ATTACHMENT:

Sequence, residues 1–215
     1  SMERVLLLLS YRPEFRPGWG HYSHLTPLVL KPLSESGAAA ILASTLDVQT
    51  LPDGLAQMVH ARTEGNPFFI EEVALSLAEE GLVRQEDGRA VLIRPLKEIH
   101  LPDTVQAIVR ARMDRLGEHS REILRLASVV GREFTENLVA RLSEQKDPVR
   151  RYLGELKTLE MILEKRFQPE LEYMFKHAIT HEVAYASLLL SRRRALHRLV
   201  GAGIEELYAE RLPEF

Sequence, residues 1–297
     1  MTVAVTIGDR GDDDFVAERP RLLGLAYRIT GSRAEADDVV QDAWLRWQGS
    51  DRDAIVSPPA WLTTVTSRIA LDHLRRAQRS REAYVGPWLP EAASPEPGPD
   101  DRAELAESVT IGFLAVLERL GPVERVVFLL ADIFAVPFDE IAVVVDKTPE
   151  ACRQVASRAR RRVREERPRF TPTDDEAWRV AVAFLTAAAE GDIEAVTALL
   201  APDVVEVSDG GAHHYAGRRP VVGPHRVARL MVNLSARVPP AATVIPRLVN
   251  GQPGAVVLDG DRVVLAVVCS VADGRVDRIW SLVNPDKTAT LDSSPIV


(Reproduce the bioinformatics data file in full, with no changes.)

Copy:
Sequence, residues 1–215
     1  SMERVLLLLS YRPEFRPGWG HYSHLTPLVL KPLSESGAAA ILASTLDVQT
    51  LPDGLAQMVH ARTEGNPFFI EEVALSLAEE GLVRQEDGRA VLIRPLKEIH
   101  LPDTVQAIVR ARMDRLGEHS REILRLASVV GREFTENLVA RLSEQKDPVR
   151  RYLGELKTLE MILEKRFQPE LEYMFKHAIT HEVAYASLLL SRRRALHRLV
   201  GAGIEELYAE RLPEF

Sequence, residues 1–297
     1  MTVAVTIGDR GDDDFVAERP RLLGLAYRIT GSRAEADDVV QDAWLRWQGS
    51  DRDAIVSPPA WLTTVTSRIA LDHLRRAQRS REAYVGPWLP EAASPEPGPD
   101  DRAELAESVT IGFLAVLERL GPVERVVFLL ADIFAVPFDE IAVVVDKTPE
   151  ACRQVASRAR RRVREERPRF TPTDDEAWRV AVAFLTAAAE GDIEAVTALL
   201  APDVVEVSDG GAHHYAGRRP VVGPHRVARL MVNLSARVPP AATVIPRLVN
   251  GQPGAVVLDG DRVVLAVVCS VADGRVDRIW SLVNPDKTAT LDSSPIV